(Adds detail, updates prices)
* World stocks hit 2-week high
* U.S., Asia and Europe shares rally
* Sterling drops after Boris Johnson resignation
* Bank shares lead the rally
* Oil, gold prices rise as dollar softens
NEW YORK, July 9 (Reuters) - Global stocks hit a two-week high on Monday with bank shares leading the drive higher ahead of earnings reports from the biggest U.S. lenders later in the week, while sterling took at hit after another British cabinet resignation.
The MSCI world equity index, which tracks shares in 47 countries, rose 0.80 percent. Wall Street notched a third straight day of gains as investors continued to take solace from Friday's balanced U.S. payrolls report, which overshadowed the tit-for-tat trade battle underway between Washington and Beijing.
The S&P 500 Index gained 0.80 percent, led by a nearly 3 percent surge in bank stocks, their biggest daily rise since March. A pickup in bond yields and optimism about the coming earnings-reporting season with JPMorgan , Wells Fargo and Citigroup due to report on Friday were seen as the primary drivers to the upside.
Overall, S&P 500 profits appear on track for another quarter of greater than 20 percent year-over-year growth, according to Thomson Reuters estimates. That has helped blunt concerns about the deteriorating global trade scene after the United States and China slapped tariffs on some $34 billion of each other's goods on Friday.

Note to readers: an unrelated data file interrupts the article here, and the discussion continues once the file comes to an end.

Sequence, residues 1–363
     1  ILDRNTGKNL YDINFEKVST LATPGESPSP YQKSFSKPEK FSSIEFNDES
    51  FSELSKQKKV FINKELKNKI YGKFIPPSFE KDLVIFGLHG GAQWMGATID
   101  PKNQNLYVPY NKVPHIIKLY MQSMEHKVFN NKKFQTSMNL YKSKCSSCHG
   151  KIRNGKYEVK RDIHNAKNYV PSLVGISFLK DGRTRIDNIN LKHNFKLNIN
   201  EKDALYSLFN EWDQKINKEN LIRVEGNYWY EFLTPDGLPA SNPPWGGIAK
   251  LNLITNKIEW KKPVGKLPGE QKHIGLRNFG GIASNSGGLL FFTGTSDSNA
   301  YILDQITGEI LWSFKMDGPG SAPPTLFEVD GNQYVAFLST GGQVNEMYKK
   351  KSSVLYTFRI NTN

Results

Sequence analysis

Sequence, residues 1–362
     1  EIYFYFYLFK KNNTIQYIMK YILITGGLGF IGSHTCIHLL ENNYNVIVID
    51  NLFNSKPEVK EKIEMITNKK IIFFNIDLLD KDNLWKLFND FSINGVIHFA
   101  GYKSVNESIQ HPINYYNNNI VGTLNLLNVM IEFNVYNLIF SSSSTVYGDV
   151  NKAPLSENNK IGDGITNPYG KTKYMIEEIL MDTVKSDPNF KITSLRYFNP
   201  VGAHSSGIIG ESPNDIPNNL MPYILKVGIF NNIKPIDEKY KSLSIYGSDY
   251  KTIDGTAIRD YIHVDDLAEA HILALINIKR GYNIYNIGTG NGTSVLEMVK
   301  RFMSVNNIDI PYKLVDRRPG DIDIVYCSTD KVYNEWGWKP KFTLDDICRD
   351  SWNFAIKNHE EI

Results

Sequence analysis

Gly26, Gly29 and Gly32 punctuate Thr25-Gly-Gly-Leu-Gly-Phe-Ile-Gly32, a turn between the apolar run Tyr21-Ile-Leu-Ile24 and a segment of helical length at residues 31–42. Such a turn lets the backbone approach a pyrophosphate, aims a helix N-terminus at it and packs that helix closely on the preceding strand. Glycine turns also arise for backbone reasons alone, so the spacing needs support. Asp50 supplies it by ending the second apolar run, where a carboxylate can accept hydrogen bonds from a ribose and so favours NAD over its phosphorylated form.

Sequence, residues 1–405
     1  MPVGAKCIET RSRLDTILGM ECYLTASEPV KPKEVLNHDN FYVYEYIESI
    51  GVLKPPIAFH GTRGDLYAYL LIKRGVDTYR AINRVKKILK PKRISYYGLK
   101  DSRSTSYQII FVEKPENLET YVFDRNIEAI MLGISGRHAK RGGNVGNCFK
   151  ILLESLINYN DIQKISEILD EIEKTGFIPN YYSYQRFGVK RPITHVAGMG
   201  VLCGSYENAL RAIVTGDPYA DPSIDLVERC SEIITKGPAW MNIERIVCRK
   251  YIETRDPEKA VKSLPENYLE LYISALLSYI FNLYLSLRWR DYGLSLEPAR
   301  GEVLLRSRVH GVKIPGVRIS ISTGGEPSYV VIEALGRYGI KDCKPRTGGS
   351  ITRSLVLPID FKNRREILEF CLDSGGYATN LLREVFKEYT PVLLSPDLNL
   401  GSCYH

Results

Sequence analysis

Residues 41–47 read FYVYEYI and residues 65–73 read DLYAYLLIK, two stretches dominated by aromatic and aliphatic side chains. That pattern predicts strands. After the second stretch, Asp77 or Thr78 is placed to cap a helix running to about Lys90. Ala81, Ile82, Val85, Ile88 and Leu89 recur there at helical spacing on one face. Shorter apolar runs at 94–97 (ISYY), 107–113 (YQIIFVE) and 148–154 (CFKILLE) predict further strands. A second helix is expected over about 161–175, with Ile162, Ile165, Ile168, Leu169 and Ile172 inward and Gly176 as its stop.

"The market is anticipating a very good earnings season and ignoring any trade issues," said Paul Nolte, portfolio manager at Kingsview Asset Management in Chicago.
Bank shares also found support from the first notable uptick in U.S. Treasury yields in two weeks. The yield on the 10-year note rose 3 basis points to nearly 2.86 percent.
European and Asian stocks ended in the black as well, with the pan-European STOXX 600 index was up 0.58 percent, led by a strong bounce across mining and energy stocks. MSCI's broadest index of Asia-Pacific shares outside Japan climbed 1.3 percent, on top of a 0.7 percent rally on Friday when the launch of U.S. tariffs on Chinese imports came and went without too many fireworks.
The pound lost ground after Foreign Minister Boris Johnson added his name to the clutch of British cabinet ministers to quit in protest over Prime Minister Theresa May's plan for leaving the European Union.
Sterling had been whipsawed a bit by the two other ministerial departures, including Brexit Minister David Davis, but it was the Johnson's announcement that pulled the rug out. The pound dove more than 1 percent at one point and was still about 0.67 percent below where it had been beforehand. It was 0.25 percent below Friday's close.
Britain's FTSE gained 0.92 percent, helped by the currency's weakness.
The drop in sterling helped cushion the dollar more broadly against a basket of currencies, with the dollar index firming fractionally to 94.079. The euro was near the unchanged mark at $1.1747.
In commodity markets, oil prices pushed higher as the dollar eased. Brent rose $1.12 to $78.23 a barrel, and U.S. light sweet crude rose 21 cents to $74.
Gold was 0.4 percent firmer at $1,259.46 an ounce.
Reporting by Kit Rees in London and Sruthi Agrawal in Bangalore; writing by Dan Burns Editing by Nick Zieminski